Inspired by the breathtaking ice dance performances of Scott Moir and Tessa Virtue, my 4-and-a-half-year-old went for her very first skating lesson yesterday, on the Family Day holiday (big thanks to my dad for providing the skates which… isn’t that what grandparents are for? I think he had the best time watching her… but I digress). For the first half of the lesson, she was probably on her bottom more than she was on her feet, and trying to figure out why, if she pushed off on this foot, why it slipped backwards rather than her going forwards. By the end of the lesson, she was all smiles, making her way from one side of the lesson rink to the other, and taking a victory lap with mom and dad around the full perimeter of the recreational skate rink.
What I observed in my child reminded me of beginning dancers in my salsa classes. The feet, very often, don’t do what you want them to do. Sometimes you end up flat on the floor on your butt (if not literally, then certainly metaphorically). And it can become frustrating, especially at first when everyone else seems to be gliding with ease to the music. But the one thing I noticed most about my daughter’s reaction to the lesson was that she was smiling the entire way through. She laughed at her setbacks, getting herself back up on her feet and figuring out a way to make it work. And with every attempt, she learned a little more about what she could be doing to move a tiny step closer to achieving her aspiration. At the end of the outing – besides inquiring whether we could return the next day – she was determined in asking, “When do I get to learn how to dance on the ice?”
She later declared that she wanted to go to the Olympics as an ice dance competitor, and to carry the flag for Canada, like Tessa Virtue.
As we learn to dance – salsa on the floor, that is – it is the determination born out of a aspirational dream that truly drives us to succeed and excel. Beginning dancers see themselves gliding confidently at a club, or social, or even at an upcoming event at which there will be “real” dancing. With the first five or ten lessons – one to three months in – they progress to the point where they wonder the equivalent of the kindergartner’s wide-eyed declaration that they now know how to dance, and when will they be able to be a dance Olympian?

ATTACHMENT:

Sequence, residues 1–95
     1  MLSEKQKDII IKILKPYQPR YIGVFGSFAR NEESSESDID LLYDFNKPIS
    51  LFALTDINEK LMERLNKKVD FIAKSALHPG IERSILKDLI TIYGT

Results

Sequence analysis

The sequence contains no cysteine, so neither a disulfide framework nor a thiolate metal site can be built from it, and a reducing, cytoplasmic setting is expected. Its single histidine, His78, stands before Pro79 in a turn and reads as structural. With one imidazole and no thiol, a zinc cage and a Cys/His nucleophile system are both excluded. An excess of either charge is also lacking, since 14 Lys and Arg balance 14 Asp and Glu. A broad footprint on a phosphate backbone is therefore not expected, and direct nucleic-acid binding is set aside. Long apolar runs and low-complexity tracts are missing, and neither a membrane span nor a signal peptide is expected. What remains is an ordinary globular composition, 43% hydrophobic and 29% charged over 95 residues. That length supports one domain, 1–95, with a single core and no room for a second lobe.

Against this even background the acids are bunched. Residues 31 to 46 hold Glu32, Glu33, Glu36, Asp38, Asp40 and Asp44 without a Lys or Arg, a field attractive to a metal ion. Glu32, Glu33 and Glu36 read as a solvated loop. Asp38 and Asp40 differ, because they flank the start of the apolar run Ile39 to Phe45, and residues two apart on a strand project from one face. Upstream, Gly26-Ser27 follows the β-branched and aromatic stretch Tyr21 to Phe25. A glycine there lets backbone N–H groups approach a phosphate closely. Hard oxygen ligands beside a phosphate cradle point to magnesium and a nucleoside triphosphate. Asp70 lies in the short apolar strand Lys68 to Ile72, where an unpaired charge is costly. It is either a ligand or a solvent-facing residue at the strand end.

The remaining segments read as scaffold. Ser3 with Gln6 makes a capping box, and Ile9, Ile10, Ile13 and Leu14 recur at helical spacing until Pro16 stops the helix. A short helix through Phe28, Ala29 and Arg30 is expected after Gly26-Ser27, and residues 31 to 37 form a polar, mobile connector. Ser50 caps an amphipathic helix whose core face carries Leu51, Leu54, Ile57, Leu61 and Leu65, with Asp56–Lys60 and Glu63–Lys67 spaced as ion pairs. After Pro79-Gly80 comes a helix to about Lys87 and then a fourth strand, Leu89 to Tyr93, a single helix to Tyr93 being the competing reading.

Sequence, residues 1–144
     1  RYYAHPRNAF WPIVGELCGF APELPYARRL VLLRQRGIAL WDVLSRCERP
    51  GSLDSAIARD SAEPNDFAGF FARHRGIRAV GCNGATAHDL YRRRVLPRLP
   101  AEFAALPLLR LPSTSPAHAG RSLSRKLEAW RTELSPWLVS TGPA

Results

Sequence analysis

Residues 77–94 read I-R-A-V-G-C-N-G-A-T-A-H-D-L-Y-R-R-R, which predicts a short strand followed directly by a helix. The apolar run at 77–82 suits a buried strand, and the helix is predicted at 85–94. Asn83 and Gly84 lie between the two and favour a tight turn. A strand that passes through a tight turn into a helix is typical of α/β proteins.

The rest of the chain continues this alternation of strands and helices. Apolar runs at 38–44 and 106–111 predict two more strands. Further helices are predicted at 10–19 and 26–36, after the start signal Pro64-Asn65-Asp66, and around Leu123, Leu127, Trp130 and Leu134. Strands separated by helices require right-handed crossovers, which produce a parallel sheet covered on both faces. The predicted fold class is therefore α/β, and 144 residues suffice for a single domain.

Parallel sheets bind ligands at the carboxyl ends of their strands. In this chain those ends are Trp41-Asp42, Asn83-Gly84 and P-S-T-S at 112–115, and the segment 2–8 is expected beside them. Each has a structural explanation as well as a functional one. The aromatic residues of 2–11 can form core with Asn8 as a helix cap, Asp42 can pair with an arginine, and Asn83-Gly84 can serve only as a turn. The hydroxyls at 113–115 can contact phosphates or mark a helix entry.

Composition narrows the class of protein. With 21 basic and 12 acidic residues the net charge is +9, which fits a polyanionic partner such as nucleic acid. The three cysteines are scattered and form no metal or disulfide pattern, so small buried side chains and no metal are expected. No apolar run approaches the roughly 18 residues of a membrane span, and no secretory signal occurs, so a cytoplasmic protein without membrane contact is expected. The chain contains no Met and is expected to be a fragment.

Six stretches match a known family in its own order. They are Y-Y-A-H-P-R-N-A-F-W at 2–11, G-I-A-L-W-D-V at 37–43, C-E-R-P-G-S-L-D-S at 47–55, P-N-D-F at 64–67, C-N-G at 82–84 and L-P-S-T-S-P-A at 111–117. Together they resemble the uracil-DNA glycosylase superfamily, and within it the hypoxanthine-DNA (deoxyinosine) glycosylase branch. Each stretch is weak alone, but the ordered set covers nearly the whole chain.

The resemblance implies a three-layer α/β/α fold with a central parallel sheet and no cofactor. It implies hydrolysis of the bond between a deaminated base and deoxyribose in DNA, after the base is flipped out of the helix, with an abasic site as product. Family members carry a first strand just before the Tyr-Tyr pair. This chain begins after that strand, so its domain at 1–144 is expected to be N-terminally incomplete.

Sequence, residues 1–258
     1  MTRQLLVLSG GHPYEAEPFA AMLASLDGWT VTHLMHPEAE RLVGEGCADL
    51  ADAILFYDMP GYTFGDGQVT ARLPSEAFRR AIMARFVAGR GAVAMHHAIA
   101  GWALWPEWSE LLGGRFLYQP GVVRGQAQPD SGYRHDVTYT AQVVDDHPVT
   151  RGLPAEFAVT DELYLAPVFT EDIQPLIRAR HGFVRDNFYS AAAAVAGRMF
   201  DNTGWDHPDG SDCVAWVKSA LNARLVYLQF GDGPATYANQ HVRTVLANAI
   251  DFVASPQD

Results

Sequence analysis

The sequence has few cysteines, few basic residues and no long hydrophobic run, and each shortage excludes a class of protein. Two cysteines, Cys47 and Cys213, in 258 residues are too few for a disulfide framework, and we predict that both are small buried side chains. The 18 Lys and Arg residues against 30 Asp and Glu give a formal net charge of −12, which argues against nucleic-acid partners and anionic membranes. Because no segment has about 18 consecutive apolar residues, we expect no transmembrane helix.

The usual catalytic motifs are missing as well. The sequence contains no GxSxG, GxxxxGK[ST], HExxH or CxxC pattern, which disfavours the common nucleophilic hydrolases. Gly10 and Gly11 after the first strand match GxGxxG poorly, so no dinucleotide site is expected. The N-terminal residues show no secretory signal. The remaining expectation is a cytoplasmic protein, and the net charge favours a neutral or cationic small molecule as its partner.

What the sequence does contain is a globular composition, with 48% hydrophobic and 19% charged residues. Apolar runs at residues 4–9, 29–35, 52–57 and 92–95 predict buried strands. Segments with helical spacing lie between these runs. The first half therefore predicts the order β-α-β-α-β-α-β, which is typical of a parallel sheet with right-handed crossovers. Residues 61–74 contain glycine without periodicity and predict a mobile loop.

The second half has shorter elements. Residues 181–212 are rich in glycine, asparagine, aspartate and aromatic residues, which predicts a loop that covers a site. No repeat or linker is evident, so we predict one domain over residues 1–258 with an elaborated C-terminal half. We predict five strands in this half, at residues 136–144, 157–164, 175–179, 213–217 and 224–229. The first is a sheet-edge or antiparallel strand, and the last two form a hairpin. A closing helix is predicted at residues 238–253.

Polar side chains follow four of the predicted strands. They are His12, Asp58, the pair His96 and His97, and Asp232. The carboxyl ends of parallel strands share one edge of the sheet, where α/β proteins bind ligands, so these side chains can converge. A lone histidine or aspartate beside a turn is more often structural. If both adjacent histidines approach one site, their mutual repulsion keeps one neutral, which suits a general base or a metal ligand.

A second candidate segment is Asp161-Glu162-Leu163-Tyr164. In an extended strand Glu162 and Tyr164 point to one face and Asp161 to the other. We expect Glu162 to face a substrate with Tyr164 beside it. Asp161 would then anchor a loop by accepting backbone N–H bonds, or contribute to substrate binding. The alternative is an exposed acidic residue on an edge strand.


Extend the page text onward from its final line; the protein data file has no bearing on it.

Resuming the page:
As a progressing dancer, when you have learned enough to be comfortable at a social or a company party, there is still much value in taking the Repertoire class, for instance, to expand your knowledge of moves and groups of elements that comprise the patterns each week, and to improve your skill and deftness in leading or following. Your next aspiration might be to dance with much more experienced dancers without feeling intimidated. Or, it might be to master particular styling that will enhance the look of your new-found skills. Or, you might gain an awareness of certain subtleties in the fundamental moves that you never noticed before as you learned the initial entry-level skill, that now will make a big difference in your ability to partner and enjoy the experience.
Like my daughter will learn, the road to achieving ultimate ambitions will be long, and require a lot of dedication, focus, and practice. And even if you never actually reach that ultimate goal, the time invested in practice and learning will pay off not only in personal enjoyment, but in your own pride of accomplishment, no matter what level you reach.